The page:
The PEOPLE, Plaintiff and Respondent, v. Randy Ray INMAN, Defendant and Appellant.
This is an appeal from a judgment of conviction of murder in the first degree.
In an information filed in Los Angeles on December 28, 1967, Glen Leroy Deffenbaugh and Randy Ray Inman (hereafter sometimes referred to as defendant or appellant) were charged with murdering Frank Pesqueira on December 6, 1967. Upon motion of the People the causes were severed for trial. Inman went to trial before a jury and was found guilty of murder in the first degree. As to the penalty all parties waived a jury trial, and it was stipulated that the court could determine the issue of the penalty on the evidence previously received in the case. The court determined that the penalty be life imprisonment. Probation was denied and Inman was sentenced to the state prison for the term ‘of his natural life.’ A timely notice of appeal was filed.
A re sume of some of the facts is as follows: at about 2 a.m. on December 6, 1967, James Plemmons, the bartender at Pete Pogi's Bar on Washington Boulevard in Culver City was preparing to close the place. Frank Pesqueira, Pamela Meyer and James Dudley were preparing to leave the establishment. Pesqueira said, ‘Goodnight’ and walked toward the front door. Plemmons turned toward the cash register and Meyer watched Pesqueira walk to the door. Pesqueira passed through a curtain, placed his hand on the door and stepped back to open it. There was a commotion and a gunshot was heard. Pesqueira fell back through the open door and dropped to the floor. Deffenbaugh, a thin man of medium height, with a hood on his head and a gun in his hand stated, ‘Everybody lay down, this is a hold-up.’ Plemmons, Meyer and Dudley each saw Inman, a heavy-set person wearing a white mask step into the doorway and stop at the curtains. As Deffenbaugh forced one of the customers to the floor, Plemmons reached for a gun at the cash register and started to shoot at Deffenbaugh. The bartender fired five shots at Deffenbaugh and apparently hit him twice. Deffenbaugh went out of the establishment in a crawling fashion. Plemmons went to the front door, saw Pesqueira who was dead from a gunshot wound which had punctured his heart and right lung.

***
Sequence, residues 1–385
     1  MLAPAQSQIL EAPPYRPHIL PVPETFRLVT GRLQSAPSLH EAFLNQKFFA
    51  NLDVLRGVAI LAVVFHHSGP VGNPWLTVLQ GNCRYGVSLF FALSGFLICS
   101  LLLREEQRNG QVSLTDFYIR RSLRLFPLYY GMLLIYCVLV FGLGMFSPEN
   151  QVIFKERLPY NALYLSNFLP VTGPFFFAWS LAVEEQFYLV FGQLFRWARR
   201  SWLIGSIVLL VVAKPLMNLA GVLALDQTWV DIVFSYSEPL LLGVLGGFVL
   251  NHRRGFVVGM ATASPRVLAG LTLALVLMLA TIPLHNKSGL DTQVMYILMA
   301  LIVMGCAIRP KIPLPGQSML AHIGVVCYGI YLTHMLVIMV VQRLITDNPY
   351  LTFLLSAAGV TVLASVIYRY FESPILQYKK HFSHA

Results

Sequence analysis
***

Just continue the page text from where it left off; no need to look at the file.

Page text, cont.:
Officers Dalven and Brann were in a patrol car and heard gun fire: they proceeded westerly on Washington Boulevard where they saw a man running in a westerly direction from the Pogi bar followed by another man whom they saw coming out of the bar. One of the men was wearing a dark jacket and had dark hair, Dalven saw one of the men run down Washington Boulevard and turn south onto Grandview Street. The officers called over the police radio for police assistance and an ambulance as they drove to Grandview Street where they got out of the police car. Brann walked a short distance down Grandview Street and checked some vehicles and looked between the houses. Brann then saw a man come from between some of the houses along a fence. He was walking in a stooped-over position near some bushes about three feet in height. From a distance of about fifty feet Brann called out: ‘Police Officer; come out of there with your hands up or I will shoot.’ The statement was repeated and then a shot was fired into the air. Other officers arrived and Inman was pulled from out of the bushes. He was wearing a dark blue jacket and levis but no shirt. Inman is about five feet ten inches tall and weighs between 180 and 190 pounds. He was arrested and advised and warned of his constitutional rights by Dalven. Inman apparently understood his rights. He was handcuffed and walked to the police car. After he was placed in the patrol car he voluntarily and freely conversed with Dalven for about five minutes.